Possibly the worst beer laws in the world

Landlords are suing for the right to sell fizzy lager. By Keith Nuthall
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The Independent Online
THE GOVERNMENT will be sued this summer by 1,000 pub landlords claiming the right to sell lager under rules designed to protect traditional beers.

If they win under European law, claims amounting to pounds 1.6bn could be made, with tenants of major breweries saying that they have been cheated of the right to sell popular chilled lagers and have instead been forced to pump warm real ales with obscure names.

The Department of Trade and Industry could also be forced to change its beer orders to allow pubs to sell guest lagers.

The Campaign for Real Ale (Camra) has warned that this would lead to the closure of 50-100 small breweries in the UK. Iain Loe, a Camra spokesman, said: "We would be losing a lot of choice and variety. Where they have led, the large breweries have followed, taking up styles revived by small breweries such as porters, stouts and wheat beers."

The cases against the Government are being co-ordinated by a pressure group for pub tenants called Group Action. It is unhappy with the Government's rules for guest beers, which allow pubs tied to major breweries to sell just one brand of beer from another supplier.

In order to promote Britain's traditional beers, the DTI has been insisting that the guest beer be "cask conditioned" - meaning it continues to ferment in the barrel - the key characteristic of real ales, which provides the frothy head which clings to the glass as it is drained.

By contrast, lagers are often pasteurised and gain their fizz from carbon dioxide injected into the drink after it is barrelled. Hence publicans are not able to sell them as guest beers.

Group Action claims that this rule has cheated landlords of the right to buy popular big-name lagers in the open market, where breweries compete for their business and thus offer substantial discounts.

Its writs will say that pubs should have been able to shop around the continent for all types of beers, including lagers, and that the guest- beer rules break EU competition and movement-of-goods laws.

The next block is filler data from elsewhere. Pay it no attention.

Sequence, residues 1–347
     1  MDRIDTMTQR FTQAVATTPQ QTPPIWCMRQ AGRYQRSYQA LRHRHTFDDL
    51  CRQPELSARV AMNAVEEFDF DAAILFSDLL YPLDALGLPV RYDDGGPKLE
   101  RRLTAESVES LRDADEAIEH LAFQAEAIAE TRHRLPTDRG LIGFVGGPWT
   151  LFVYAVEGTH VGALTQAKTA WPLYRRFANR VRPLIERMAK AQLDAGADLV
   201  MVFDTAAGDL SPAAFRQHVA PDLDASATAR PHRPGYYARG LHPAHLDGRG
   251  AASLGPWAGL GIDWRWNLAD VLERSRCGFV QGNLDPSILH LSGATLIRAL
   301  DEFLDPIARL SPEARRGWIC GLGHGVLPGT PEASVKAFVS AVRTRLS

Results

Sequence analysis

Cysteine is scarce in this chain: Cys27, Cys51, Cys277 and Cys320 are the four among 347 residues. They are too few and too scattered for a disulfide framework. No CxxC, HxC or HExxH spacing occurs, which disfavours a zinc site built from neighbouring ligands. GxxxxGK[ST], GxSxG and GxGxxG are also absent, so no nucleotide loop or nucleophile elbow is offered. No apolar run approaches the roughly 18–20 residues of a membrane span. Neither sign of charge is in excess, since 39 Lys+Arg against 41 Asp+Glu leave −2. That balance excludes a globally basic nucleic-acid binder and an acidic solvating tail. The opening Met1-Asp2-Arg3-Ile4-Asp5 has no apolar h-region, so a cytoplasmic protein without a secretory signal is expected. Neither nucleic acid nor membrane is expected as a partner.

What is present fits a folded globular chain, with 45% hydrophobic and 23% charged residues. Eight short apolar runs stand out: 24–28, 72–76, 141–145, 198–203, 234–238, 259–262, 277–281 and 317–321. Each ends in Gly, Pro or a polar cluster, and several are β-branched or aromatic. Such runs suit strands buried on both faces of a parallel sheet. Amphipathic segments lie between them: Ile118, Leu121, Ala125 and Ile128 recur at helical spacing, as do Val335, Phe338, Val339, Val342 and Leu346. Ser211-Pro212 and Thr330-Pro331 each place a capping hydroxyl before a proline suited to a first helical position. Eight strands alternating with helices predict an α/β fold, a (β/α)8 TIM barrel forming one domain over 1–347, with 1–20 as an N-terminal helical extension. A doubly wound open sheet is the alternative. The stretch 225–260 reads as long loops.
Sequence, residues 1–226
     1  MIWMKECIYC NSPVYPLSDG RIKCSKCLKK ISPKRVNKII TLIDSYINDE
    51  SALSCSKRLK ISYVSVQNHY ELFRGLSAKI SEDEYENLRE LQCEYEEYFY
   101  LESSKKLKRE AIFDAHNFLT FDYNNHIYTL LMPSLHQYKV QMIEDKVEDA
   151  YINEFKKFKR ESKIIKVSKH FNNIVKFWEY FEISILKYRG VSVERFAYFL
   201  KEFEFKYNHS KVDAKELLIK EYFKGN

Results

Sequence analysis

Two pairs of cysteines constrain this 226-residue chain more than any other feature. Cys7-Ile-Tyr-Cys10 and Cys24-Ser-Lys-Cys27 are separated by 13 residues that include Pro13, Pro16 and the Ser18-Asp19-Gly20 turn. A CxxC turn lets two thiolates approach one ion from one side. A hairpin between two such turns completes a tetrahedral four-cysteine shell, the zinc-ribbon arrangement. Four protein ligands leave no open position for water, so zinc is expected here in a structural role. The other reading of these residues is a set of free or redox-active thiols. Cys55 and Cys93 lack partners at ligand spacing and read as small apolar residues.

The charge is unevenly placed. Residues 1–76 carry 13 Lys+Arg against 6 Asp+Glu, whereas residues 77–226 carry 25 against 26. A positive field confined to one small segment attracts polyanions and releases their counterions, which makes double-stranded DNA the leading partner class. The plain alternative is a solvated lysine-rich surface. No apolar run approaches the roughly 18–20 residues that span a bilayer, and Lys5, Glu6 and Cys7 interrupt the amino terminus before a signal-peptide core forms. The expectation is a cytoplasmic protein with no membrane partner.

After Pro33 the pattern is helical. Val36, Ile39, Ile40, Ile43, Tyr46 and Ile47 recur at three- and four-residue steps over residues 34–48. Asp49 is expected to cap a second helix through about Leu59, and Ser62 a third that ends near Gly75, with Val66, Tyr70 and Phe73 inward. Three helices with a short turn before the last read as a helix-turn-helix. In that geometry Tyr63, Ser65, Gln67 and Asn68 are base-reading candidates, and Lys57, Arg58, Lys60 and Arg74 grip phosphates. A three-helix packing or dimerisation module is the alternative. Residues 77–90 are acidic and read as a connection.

Cases are now being drawn up by solicitors including Charles Russell of Cheltenham, Barron and Co, of Battersea, and Maitland-Walker, of Somerset, whose Julian Maitland-Walker said: "The numbers show that this has had a substantial impact on their businesses. Tenants of public houses have had a rough time in the past five years. They have suffered in particular from contraband beer being brought in from the Continent because of the problems with excise duty."

The Government will also receive a writ from a lager importer, the Bavarian Lager Company Ltd, which will be seeking damages, claiming the cask-conditioned beer orders have helped drive it out of business.

Andrew Ronnan, the firm's owner, said he was unable to survive selling Hell Beer, brewed in Inglstadt, near Munich, to free houses and pub companies, but would have fared much better if he had been able to sell it to landlords as a guest beer.

Inglstadt is the town where the King of Bavaria signed the famous Beer Purity Law that has been transplanted to Germany as a whole. The law means brewers can use only hops, malt, yeast and local water in their beer.

Ironically, this law was used to prevent a French company from selling its additive-enriched brews in Germany. That ruling was challenged by Paris at the European Court of Justice and overturned. Lancashire-based Mr Ronnan hopes the beer orders will suffer the same fate.

"What annoys us the most is that if we had been successful, who would have been the first person knocking at the door? The tax man," he said.

He has already complained to the European Commission, which has held talks with the Government on the subject. Following these, the DTI amended the orders to allow landlords to stock beers that ferment in the bottle as a guest beer as well as cask-conditioned ales. This means pubs will be able to stock guest wheat beers, white ales that are popular in Belgium and Germany.

Mr Ronnan says the amendment is an admission by the Government that its policy was wrong in the first place.

A spokesman for the DTI said that nothing could be further from the truth. "Now that the beer orders have been altered, we feel they are legal as far as European law is concerned," he said.

The Brewers and Licensed Retailers Association said that it wanted the current system maintained, to preserve diversity in British brewing.

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